This one I've put out in a different sort of way--it's exclusive on Kindle (though you can also get it through the Kindle app for iPad and iPhone as well as for download to your PC) till July, then will be available unlimited for all e-readers and as a POD (publish on demand) through Ingram's, one of the major book distributors. My literary agency launched a digital imprint and I decided to put this book up with the debut of the line. I LOVE this book and know that you will too!!
Here's the premise:
In SLIM TO NONE, Abbie Jennings is Manhattan's top food critic until her expanding waistline makes staying incognito at restaurants impossible. Her cover blown on Page Six of the New York Post, her editor has no choice but to bench her—and suggest she use the time off to bench-press her way back to anonymity. Abbie’s life has been built around her career, and therefore around celebrating food. Forced to drop the pounds if she wants her primo gig back, Abbie must peel back the layers of her past and confront the fears that have led to her current life.
I loved the idea of taking this character who has to eat for a living and then make her not be able to eat in order to continue being able to eat for a living. You got that? The book is funny, sweet and poignant and I really hope my readers will be able to get hold of an e-reader to check this out!!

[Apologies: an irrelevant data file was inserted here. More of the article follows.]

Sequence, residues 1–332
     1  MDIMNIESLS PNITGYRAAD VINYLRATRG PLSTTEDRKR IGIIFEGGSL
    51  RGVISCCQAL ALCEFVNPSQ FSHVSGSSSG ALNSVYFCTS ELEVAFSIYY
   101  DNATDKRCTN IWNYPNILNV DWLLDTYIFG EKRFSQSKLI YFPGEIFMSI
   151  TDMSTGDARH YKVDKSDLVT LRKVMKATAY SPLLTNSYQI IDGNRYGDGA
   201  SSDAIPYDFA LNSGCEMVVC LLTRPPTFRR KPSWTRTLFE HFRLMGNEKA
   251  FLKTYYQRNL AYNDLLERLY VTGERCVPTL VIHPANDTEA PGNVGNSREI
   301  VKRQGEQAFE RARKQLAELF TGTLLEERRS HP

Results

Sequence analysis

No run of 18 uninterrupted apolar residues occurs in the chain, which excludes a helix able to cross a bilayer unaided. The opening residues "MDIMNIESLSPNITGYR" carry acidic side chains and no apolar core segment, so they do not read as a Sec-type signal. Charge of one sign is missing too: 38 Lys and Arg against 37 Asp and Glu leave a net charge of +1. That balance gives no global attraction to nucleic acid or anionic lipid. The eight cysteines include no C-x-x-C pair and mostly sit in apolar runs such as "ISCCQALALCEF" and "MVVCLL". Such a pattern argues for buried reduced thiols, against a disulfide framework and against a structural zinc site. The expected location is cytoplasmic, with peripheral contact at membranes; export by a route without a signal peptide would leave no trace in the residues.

Here are some author blurbs on it:
With a strong yet delightfully vulnerable voice, food critic Abbie Jennings embarks on a soulful journey where her love for banana cream pie and disdain for ill-fitting Spanx clash in hilarious and heartbreaking ways. As her body balloons and her personal life crumbles, Abbie must face the pain and secret fears she’s held inside for far too long. I cheered for her the entire way.
—Beth Hoffman, bestselling author of Saving CeeCee Honeycutt
Satisfying as a Thanksgiving dinner at Mom's. ... Jenny Gardiner's heroine gives us a sarcastic but provocative look at our love-hate relationship with food. You'll eat this up in one sitting.
Ad Hudler, bestselling author of Househusband and Man of the House
Jenny Gardiner has done it again - this fun, fast-paced book is a great summer read.
Sarah Pekkanen, author of The Opposite of Me
And check out a sneak peak of the first chapter on my blog
Wednesday, May 19, 2010
Sometimes the answers are right there in front of you but you're not asking the right question.
You already know my Grandma El loved to share her stories. Sometimes she shared them in embarrassingly intimate detail. But who knew she left out the best story of all.
The thing is, all families have secrets. My best friend used to tell me wonderful stories about her big extended Italian family. Love and death and family fights, all the stuff that I, a budding novelist, soaked up like a human sponge. But there was one story I found impossible to believe. It seemed her cousin Annette grew up as the spoiled, happy, only child of my friend's Aunt Fran and Uncle Bill. Annette knew chapter and verse about the day she was born, how much her parents wanted her, how she looked like her mom but acted like her dad. The usual loving details we all hear when growing up.